Tuesday, April 24, 2007

Logbook: L’Americain des Plantiers

LamericaindesplantiersDuring breakfast on Saturday morning, I took advantage of the hotel’s hi-speed internet connection to download a TV mini-series from the iTunes store that was gifted to me by my good friends Jeni and Ron (Thank you!) After that, I packed up, checked out and walked -- down hill! -- to the car rental office at the train station in Montpellier. (Note: If you ever want to rent a car in France, do it through one of the many European consolidators. It will be much, much cheaper than renting a car directly from a company in France and you are more likely to talk to someone speaks English... Just another pearl of wisdom from The Voyage of Macgellan!) After very little paperwork, I went to the parking lot and checked out my new ride: A pretty sweet little diesel Audi A3. I have to admit that preparing to drive in France -- plus the fact that I haven’t driven a car in over six months -- made me a little nervous. On top of this, I was told by everyone I talked to that getting out of the city was very complicated and would be, by far, the worst part of my drive. I had asked the guy at the hotel to draw a good route on my city map, but what he suggested was a series of twists and turns through tiny streets and, well, it looked a little too complex for me to follow while doing the driving too. So, I asked the guy at the car rental office for the easiest -- forget whether it was the shortest -- route to the road I wanted going to Les Plantiers. What he suggested was a simple route to the main highway, going a few kilometers out of town to the east and catching a main road back to the northwest to intersect the road I wanted. With that at hand, I fired up the Audi and was on my way. The first part of his plan worked fine, the A-9 was easy to find and it wasn’t long before I saw the signs for D-65...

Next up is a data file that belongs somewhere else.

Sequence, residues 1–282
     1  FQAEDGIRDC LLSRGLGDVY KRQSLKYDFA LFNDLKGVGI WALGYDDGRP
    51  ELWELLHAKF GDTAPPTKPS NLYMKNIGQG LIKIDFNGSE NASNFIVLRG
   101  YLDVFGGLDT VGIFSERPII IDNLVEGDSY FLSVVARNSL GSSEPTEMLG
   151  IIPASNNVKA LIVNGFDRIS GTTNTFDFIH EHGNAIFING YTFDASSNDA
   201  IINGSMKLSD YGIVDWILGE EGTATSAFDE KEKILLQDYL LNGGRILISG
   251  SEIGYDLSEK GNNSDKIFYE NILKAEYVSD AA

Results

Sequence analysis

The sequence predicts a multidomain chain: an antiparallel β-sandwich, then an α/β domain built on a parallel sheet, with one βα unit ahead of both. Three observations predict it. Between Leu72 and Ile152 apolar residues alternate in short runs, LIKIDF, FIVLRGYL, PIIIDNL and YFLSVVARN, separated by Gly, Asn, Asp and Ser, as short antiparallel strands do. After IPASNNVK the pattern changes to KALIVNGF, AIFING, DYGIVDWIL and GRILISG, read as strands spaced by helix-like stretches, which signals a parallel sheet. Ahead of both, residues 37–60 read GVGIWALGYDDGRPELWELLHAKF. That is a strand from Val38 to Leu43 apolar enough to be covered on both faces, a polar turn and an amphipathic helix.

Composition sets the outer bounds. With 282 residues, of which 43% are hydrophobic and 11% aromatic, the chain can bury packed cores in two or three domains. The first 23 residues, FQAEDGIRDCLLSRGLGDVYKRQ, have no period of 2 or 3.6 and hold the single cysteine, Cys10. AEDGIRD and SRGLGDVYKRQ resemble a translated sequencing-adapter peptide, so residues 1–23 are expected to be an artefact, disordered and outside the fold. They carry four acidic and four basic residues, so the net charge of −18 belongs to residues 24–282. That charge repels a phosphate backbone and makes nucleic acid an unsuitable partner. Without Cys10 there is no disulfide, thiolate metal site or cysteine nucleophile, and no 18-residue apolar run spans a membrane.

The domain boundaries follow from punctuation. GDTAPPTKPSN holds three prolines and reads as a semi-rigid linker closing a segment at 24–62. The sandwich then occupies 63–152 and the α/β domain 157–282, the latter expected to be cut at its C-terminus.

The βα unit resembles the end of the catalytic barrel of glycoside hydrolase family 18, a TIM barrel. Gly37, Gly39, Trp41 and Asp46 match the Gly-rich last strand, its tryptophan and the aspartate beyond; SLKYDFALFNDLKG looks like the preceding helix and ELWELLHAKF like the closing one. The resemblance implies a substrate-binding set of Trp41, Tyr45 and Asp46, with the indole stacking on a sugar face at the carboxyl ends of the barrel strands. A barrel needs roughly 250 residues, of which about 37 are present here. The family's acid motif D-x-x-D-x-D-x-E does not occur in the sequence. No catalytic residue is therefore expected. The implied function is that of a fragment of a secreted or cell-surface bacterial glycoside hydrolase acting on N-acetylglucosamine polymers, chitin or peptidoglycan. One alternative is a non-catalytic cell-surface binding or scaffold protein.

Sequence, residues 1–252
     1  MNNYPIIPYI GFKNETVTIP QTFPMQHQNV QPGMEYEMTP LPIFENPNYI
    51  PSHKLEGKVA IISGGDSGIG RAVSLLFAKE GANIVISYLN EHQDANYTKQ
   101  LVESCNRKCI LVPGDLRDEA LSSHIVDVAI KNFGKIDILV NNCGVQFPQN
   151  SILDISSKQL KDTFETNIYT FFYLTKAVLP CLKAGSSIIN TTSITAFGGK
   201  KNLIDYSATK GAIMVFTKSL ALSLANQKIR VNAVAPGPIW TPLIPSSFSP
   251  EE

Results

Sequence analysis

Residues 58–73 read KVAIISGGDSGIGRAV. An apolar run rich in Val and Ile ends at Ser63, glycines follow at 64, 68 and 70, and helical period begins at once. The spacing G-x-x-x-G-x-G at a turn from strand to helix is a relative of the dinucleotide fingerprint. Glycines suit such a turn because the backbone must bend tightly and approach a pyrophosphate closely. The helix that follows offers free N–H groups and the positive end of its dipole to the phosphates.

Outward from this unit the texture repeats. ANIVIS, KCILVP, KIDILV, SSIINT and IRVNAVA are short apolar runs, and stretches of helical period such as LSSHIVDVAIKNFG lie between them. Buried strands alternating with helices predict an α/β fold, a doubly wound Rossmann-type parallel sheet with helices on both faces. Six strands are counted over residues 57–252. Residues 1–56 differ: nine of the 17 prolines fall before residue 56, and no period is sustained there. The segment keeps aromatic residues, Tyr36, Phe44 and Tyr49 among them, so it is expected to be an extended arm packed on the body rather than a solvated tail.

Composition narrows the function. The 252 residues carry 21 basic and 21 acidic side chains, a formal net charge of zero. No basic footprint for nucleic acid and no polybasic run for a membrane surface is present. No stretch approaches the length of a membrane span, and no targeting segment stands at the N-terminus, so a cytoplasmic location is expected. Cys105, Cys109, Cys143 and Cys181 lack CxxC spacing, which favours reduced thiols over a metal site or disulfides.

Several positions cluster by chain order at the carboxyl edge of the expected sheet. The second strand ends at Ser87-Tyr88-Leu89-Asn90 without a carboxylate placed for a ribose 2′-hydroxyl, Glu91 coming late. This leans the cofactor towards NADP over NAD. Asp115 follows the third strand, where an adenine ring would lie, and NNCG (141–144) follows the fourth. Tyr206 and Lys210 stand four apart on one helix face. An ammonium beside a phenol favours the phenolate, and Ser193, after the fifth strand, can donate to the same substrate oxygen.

Well, let me just jump ahead. I got out of Montpellier okay but got totally lost as soon as I tried to take the “main road back to the northwest.” I had a good laugh as I toured various suburban neighborhoods before finally seeing a sign that pointed toward a town I knew was on my way to Les Plantiers. Once on that road, it was a matter of minutes before I was happily and easily cruising on my way. I stopped at a supermarket and picked up something to eat along with a few staples that I figured I might want when I got to my “tiny village” then had a blast alternately zooming along fine country/mountain roads and creeping slowly through tiny towns along the way. In due course, I pulled into Les Plantiers and immediately fell in love with it. A really tiny, remote and very quite little town, Plantiers looks like every picture post card of rural France you have ever seen: Old stone homes with a narrow road twisting in between, a modest stream bisecting the town with a few ancient stone bridges crossing at various points and a small cafe at the town square, complete with awning and umbrellas. Perfect, just perfect! I promptly parked the car in the tiny square then parked myself at the cafe and ordered a coffee.

A few minutes later, a woman walked by and looked me over a couple of times then said something in French that included the word “American.” Thankfully, there was no hostility in her voice and I guessed she was Jean, my local travel advisor and French teacher. After a few minutes of reminiscing about how we met over a year ago in a coffee shop in Seattle, she led me to the home of Henri and Lisa Bonfils, a lovely older couple who own the gite I have rented. Translating furiously, Jean helped me negotiate the process of getting acquainted and checking into the gite. With a nice little salon and kitchenette downstairs, bedroom and bathroom upstairs, my gite is by far the biggest place in which I have lived so far on The Voyage! It has everything I need and I look forward to my time here. With that process completed, Jean introduced me to Katrine who runs a small hotel/restaurant in town and I made arrangements for dinner. I took a few minutes to unpack, take a walk around town and generally get my bearings. Dinner was fabulous, and I enjoyed enough local wine to be ready for a good night’s sleep!